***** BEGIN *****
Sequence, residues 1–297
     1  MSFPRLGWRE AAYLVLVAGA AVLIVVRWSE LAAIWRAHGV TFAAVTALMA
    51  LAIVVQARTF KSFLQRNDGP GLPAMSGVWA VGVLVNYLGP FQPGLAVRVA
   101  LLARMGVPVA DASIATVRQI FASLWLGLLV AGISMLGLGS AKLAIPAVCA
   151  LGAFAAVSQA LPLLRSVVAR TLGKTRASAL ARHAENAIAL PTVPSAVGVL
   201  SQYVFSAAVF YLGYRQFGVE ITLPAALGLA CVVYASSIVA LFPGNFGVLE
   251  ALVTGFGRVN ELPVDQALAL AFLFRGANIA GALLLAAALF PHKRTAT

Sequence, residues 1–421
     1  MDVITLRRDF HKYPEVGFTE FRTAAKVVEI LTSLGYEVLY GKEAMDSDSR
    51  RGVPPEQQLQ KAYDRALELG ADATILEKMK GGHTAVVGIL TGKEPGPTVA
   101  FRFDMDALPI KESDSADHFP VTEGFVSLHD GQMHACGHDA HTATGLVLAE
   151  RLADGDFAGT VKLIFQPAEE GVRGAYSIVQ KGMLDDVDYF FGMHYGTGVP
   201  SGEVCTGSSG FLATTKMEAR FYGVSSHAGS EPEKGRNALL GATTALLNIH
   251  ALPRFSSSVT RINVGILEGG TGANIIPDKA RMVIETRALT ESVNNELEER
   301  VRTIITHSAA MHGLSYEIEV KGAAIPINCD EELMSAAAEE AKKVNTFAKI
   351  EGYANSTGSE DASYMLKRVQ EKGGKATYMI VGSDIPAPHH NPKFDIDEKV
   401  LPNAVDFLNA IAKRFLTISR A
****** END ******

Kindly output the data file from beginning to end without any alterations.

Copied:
Sequence, residues 1–297
     1  MSFPRLGWRE AAYLVLVAGA AVLIVVRWSE LAAIWRAHGV TFAAVTALMA
    51  LAIVVQARTF KSFLQRNDGP GLPAMSGVWA VGVLVNYLGP FQPGLAVRVA
   101  LLARMGVPVA DASIATVRQI FASLWLGLLV AGISMLGLGS AKLAIPAVCA
   151  LGAFAAVSQA LPLLRSVVAR TLGKTRASAL ARHAENAIAL PTVPSAVGVL
   201  SQYVFSAAVF YLGYRQFGVE ITLPAALGLA CVVYASSIVA LFPGNFGVLE
   251  ALVTGFGRVN ELPVDQALAL AFLFRGANIA GALLLAAALF PHKRTAT

Sequence, residues 1–421
     1  MDVITLRRDF HKYPEVGFTE FRTAAKVVEI LTSLGYEVLY GKEAMDSDSR
    51  RGVPPEQQLQ KAYDRALELG ADATILEKMK GGHTAVVGIL TGKEPGPTVA
   101  FRFDMDALPI KESDSADHFP VTEGFVSLHD GQMHACGHDA HTATGLVLAE
   151  RLADGDFAGT VKLIFQPAEE GVRGAYSIVQ KGMLDDVDYF FGMHYGTGVP
   201  SGEVCTGSSG FLATTKMEAR FYGVSSHAGS EPEKGRNALL GATTALLNIH
   251  ALPRFSSSVT RINVGILEGG TGANIIPDKA RMVIETRALT ESVNNELEER
   301  VRTIITHSAA MHGLSYEIEV KGAAIPINCD EELMSAAAEE AKKVNTFAKI
   351  EGYANSTGSE DASYMLKRVQ EKGGKATYMI VGSDIPAPHH NPKFDIDEKV
   401  LPNAVDFLNA IAKRFLTISR A